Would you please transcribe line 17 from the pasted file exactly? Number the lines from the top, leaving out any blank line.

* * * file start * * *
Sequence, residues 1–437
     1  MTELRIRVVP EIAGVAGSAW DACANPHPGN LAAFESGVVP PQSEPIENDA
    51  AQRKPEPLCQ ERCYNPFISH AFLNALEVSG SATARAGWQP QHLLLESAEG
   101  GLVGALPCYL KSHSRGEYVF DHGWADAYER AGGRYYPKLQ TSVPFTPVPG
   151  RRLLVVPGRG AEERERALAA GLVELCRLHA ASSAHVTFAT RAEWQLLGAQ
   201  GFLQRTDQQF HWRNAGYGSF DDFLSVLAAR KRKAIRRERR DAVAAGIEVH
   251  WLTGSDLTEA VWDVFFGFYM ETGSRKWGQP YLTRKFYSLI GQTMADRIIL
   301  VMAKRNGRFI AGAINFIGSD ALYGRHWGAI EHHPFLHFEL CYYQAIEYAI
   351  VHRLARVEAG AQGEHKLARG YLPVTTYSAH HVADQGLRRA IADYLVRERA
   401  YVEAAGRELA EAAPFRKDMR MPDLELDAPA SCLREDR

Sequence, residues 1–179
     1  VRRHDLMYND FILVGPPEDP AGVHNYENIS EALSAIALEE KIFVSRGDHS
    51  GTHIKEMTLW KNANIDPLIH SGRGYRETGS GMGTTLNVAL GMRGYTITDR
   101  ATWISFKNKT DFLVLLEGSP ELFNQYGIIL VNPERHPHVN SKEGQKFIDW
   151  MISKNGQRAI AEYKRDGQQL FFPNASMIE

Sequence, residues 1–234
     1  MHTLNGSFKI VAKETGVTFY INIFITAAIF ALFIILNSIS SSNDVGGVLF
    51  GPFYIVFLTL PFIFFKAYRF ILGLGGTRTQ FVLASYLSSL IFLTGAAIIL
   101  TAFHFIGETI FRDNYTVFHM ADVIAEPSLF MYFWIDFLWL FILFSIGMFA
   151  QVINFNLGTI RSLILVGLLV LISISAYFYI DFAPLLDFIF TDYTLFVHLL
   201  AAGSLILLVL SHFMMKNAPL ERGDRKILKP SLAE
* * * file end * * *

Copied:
     1  MHTLNGSFKI VAKETGVTFY INIFITAAIF ALFIILNSIS SSNDVGGVLF